BURNSIDE: A simple conversation between friends has led to the Canada Gate finding a way to get to Europe—at no cost.
VSI Worldwide owner Hillary Chouinard was attending a concert with friend Corrine MacLellan, who is on the Board of Governors for the Army Museum and involved in both the Canada Gate and The Last Steps project.
“She mentioned in passing this project (Canada Gate), and they had no idea how they were going to get it to Europe,” said Chouinard as people mingled about following the announcement inside the warehouse on Borden Avenue in the Burnside Park. “She wondered if I had any ideas or if I could make any suggestions. Off the cuff, I suggested we could put it in a container with a few vehicles no problem.”
That was nice of Chouinard, who stepped up with no information on the Canada Gate at her fingertips.
“I made the suggestion without knowing what it was, how big it was, any scope of the project,” said Chouinard, a Waverley resident. “Over the next couple of weeks, I found out how big it was, how elaborate of a design it was, and the amount of logistical support required both here and overseas to get it from the port through customs to Flanders where it will be erected.
“We took the project on and we’re donating all the time and costs involved for logistics and transportation for here and in Europe.”
Chouinard will also be attending the dedication ceremony of the Canada Gate in Belgium, where it will pay tribute to Canadian soldiers who fought in the Battle of Passchendaele a century ago.
Ken Hynes, curator of the Halifax-based Army Museum, said Canadian soldiers fought like hell for Canada nad for each other.
“The last 700 metres, from Crest farm to the final capture of Passchendaele, took them 10 long, terrifying days,” he told the crowd of about 35 people at the ceremonial send-off inside the VSI warehouse on Oct. 2.
The one-tonne gate, which is made of steel, will be installed in the days leading up to events next month (November) that mark the culmination of the 100-day battles in what is the Canadian military’s bloodiest fight in their history. Nancy Keating is the artists who designed the Canada Gate, which was constructed by Avon Valley Metalworks. She also created The Last Steps on the Halifax Waterfront.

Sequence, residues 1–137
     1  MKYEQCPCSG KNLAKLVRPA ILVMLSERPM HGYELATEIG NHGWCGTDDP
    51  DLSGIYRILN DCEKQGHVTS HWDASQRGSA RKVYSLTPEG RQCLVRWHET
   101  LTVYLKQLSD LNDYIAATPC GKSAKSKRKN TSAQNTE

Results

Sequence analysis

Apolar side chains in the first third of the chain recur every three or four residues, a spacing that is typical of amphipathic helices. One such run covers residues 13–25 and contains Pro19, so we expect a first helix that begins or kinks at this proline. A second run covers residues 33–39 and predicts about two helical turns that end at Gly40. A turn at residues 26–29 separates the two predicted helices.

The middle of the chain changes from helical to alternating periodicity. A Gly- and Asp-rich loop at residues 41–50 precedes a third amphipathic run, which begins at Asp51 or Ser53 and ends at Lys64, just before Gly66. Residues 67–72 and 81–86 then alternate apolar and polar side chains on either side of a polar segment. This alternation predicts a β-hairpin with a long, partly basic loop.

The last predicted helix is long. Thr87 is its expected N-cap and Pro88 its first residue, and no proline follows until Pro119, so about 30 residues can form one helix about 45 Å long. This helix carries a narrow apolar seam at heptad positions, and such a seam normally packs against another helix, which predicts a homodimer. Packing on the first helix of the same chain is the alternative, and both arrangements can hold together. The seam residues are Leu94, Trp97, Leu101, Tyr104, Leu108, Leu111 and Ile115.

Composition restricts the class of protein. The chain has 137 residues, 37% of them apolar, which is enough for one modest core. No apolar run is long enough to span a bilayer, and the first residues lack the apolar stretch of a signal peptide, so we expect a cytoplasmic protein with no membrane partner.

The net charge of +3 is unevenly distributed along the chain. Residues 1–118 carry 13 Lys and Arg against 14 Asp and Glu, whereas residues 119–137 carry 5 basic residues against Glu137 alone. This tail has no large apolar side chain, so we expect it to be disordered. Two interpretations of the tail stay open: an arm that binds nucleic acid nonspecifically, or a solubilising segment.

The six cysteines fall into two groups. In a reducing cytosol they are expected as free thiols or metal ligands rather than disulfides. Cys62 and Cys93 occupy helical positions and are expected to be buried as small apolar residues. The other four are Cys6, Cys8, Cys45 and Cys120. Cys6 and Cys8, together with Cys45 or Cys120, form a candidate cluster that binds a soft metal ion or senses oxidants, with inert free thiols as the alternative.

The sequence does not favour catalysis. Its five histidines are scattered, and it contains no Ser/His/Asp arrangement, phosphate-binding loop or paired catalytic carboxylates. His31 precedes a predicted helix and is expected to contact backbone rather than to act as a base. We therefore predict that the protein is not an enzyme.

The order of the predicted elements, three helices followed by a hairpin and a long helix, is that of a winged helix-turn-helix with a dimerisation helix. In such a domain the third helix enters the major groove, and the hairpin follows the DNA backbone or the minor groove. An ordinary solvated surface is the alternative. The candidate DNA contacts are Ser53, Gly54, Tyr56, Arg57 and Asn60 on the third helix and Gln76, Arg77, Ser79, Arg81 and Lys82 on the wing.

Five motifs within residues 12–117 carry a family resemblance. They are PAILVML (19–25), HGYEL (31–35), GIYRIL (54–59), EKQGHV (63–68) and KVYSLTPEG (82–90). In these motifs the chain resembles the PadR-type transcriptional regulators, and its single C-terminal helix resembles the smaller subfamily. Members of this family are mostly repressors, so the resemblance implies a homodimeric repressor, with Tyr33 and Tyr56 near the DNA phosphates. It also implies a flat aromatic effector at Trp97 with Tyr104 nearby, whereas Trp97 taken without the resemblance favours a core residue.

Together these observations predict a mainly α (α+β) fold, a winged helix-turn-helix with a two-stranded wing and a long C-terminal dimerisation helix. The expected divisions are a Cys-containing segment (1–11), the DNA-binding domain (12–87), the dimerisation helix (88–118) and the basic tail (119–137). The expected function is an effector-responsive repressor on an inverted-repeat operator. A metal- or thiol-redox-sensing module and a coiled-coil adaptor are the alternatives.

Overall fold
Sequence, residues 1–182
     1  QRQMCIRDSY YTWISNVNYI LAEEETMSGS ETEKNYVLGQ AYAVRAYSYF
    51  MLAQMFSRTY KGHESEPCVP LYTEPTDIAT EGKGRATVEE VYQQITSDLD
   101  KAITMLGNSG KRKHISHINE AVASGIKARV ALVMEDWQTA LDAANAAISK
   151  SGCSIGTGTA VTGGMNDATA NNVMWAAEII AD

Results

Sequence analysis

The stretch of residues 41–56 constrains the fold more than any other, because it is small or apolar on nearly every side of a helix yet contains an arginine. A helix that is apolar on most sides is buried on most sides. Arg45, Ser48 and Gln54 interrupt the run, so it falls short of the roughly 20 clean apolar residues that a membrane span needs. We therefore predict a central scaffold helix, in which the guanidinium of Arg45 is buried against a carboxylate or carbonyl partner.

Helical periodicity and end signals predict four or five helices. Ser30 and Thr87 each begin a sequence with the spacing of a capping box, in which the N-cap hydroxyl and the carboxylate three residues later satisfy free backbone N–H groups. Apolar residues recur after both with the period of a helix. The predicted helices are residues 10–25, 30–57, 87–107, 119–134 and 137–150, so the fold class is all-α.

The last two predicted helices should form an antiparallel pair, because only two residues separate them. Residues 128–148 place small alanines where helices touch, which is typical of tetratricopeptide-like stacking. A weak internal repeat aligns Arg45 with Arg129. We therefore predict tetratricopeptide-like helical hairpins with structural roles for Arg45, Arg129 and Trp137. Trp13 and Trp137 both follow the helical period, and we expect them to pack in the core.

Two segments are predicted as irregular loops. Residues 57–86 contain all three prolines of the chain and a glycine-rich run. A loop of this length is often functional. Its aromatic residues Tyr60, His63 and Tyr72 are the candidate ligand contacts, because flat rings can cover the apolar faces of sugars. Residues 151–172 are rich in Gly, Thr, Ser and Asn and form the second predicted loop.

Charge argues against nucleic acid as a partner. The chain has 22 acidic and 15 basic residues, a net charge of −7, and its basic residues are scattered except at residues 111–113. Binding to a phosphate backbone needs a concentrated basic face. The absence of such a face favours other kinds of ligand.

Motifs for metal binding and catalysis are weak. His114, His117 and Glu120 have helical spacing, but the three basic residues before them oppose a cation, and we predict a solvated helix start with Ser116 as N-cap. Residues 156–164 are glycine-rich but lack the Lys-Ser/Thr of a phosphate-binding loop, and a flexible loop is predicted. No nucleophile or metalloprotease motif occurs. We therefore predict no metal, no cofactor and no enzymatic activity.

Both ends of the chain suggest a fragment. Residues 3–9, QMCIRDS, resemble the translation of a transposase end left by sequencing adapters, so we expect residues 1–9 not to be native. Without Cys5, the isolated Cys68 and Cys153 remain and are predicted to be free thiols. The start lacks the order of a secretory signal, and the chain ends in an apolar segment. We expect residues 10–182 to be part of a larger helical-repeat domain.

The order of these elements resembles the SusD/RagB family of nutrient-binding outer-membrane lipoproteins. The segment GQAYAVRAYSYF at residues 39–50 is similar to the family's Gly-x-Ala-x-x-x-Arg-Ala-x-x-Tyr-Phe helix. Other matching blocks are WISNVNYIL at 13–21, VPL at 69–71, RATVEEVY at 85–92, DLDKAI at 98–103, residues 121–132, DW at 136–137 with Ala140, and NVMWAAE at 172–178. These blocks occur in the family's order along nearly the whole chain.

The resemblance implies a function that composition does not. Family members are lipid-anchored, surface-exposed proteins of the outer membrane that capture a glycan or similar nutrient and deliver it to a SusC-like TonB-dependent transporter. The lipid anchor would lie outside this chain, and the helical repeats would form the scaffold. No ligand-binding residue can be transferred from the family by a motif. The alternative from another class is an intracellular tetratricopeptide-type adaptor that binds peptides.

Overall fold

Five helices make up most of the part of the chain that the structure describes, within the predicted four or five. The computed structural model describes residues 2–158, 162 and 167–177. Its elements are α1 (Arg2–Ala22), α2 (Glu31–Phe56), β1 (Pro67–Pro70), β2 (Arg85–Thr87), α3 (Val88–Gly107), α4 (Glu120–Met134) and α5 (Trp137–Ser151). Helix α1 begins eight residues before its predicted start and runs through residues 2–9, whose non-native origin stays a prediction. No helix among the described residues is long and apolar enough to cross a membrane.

Chouinard said her involvement was strictly doing a favour for a friend—at the beginning.
“It didn’t start out being anything special to me,” she said. “It was just helping out a friend.
“What I subsequently learned was that my great grandfather fought at Passchendale and survive; also at Vimy, and that his brother, my great uncle passed away at Vimy and is buried there. It’s given a lot of lessons on my family history.”
When Chouinard initially said yes to helping out, she was doing it as a tribute for her late father-in-law who fought and survived World War II.
“This was the wrong war, but I still thought it would have meaning for my family,” she said. “It went from being a tribute to my father-in-law to my great grandfather and great uncle as to why I’m doing it.”
She said she is grateful that her business is able to allow her to help out this way.
“It’s something different,” said Chouinard. “It’s all about giving back. This just feels good to be able to do.
“It’s nice to be able to do it and be in a position that my business can afford to do this.”
Canada Gate, which stands about four metres high, includes metal poppies at the base of each of the two arches. It’s large enough that you can easily walk through it.
“This is not a monument, but a moment in time re-imagined,” said Keating to the crowd. “It’s a portal from the past, where we can retrace the steps — not only of those who did not or could not return to Canada, but also of those who did return, their lives forever changed.”
And thanks to Chouinard, their sacrifices won’t soon be forgotten.